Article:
Fortnight in the spring, 
including a formal dance 
in the Sunken Gardens 
"That was one of our main 
things, to have and plan 
different kinds of events 
rather than just the tra- 
ditional Homecoming and 
Midwinters," Hadlock com- 
mented. 

One of her suggestions 
for improving the commit- 
tee was to build some of 
the more successful events 
into annual activities, 
such as combining the Ba- 
nana Split and Marathon 
Movies into one Marathon 
Weekend. Another goal 
next years committee 
could aim for would be 
to "keep building, so the 
fraternity and sorority 



activities are not the 
biggest social events — 
the SA activities could 
be made into the big 
events on campus," 
added Hadlock 

ACADEMICS 

y^ he SA's Academic Af- 
'J fairs Committee 
aimed to produce a revitali- 
zation of the course evalu- 
ation book. It also par- 
ticipated in student- 
faculty liaison committees, 
with the goal of better 
student-faculty rapport. 
This \A/ould hopefully lead 
to an eventual greater 
student input to depart- 
mental affairs, as well 
as alleviating some of the 
present pressure on aca- 
demic levels at William 
and Mary. In March, as 
an example of what could 
develop from better rap-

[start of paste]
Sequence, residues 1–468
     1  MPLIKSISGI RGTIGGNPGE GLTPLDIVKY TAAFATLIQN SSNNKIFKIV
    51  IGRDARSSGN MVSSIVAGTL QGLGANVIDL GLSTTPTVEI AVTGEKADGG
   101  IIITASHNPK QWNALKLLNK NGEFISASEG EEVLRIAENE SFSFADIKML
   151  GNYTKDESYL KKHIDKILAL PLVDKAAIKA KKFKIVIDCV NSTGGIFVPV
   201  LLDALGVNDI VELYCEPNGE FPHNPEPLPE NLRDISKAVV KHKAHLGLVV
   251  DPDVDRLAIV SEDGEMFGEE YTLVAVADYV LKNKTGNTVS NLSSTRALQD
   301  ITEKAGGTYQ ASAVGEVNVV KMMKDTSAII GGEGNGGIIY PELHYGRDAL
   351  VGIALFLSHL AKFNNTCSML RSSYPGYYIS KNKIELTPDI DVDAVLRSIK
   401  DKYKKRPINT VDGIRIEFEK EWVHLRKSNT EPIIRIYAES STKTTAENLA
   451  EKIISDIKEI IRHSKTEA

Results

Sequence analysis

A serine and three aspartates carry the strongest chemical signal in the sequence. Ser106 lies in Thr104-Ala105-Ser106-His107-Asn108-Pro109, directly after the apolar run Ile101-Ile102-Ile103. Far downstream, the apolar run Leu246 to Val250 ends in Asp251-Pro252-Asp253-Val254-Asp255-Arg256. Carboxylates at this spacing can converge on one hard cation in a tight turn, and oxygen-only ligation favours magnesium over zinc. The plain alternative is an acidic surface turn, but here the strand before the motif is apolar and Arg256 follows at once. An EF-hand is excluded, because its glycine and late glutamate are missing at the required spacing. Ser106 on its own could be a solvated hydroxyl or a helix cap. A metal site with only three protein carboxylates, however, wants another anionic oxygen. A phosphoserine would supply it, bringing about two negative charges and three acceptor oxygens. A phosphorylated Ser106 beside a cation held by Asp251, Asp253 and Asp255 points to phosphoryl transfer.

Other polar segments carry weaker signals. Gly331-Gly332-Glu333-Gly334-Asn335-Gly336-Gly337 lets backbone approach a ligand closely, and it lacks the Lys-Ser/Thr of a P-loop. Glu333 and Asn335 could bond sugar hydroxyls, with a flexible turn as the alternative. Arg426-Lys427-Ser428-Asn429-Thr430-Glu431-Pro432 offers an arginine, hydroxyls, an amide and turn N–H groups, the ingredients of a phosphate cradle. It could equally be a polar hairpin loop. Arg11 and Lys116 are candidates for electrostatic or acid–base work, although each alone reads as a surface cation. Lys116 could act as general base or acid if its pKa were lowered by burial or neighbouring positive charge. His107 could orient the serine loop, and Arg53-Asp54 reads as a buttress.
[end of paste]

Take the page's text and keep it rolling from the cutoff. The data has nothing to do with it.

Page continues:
port, a three week Mor- 
ton Hall volleyball tour- 
nament took place 

Academic chairman 
Gary Thompson worked 
for a "release of grades " 
to see how W & M would 
fare in the highly pub- 
licized "grade inflation." 
Double major proposals 
as well as pass/fail and 
grade appeal were chief 
goals of the committee. In 
referring to double majors 
Thompson said, "We got 
into them awful late, we 
just got in after the fact, 
which really negated our 



possible influence We 
contributed little in the 
sense we had hoped to at 
the beginning, which kind 
of hurts" Second semes- 
ter, the committee set 
machinery in motion to 
initiate a student ex- 
change with colleges of 
comparable tuition in the 
east, possibly as early as 
1976. It would offer such 
expanded opportunities, 
as for example a semester 
at U Va 

Due to the fact that 
most members of the Aca- 
demic Affairs Committee 
were first year senators, 
which caused the biggest 
problem of the year, "It 
took about three monthS' 
to get everything down 
and ready to go, " as 
Thompson put it. He add- 
ed that "It was different 
to work against competing 
interests like the facul- 
ty administration, and we 
don't have any power to 
enforce us. it's just a 
matter of persuasion." 

The major area for 
work next year. Thompson 
believed would be in dou-